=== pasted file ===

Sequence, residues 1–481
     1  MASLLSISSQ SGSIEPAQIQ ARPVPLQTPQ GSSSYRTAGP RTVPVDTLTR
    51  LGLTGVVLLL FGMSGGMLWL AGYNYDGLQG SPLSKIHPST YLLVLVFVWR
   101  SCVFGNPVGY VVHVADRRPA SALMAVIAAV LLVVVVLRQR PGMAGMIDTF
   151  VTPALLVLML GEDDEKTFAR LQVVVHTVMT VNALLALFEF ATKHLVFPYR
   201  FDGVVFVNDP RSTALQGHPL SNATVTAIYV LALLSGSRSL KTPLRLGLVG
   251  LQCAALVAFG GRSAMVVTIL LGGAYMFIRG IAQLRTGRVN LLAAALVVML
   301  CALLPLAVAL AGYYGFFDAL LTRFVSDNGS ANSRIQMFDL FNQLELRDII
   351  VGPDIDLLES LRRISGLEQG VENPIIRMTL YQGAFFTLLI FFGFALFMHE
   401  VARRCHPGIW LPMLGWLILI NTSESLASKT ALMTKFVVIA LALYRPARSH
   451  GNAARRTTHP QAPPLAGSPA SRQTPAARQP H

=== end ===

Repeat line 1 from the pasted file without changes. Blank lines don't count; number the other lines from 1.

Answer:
Sequence, residues 1–481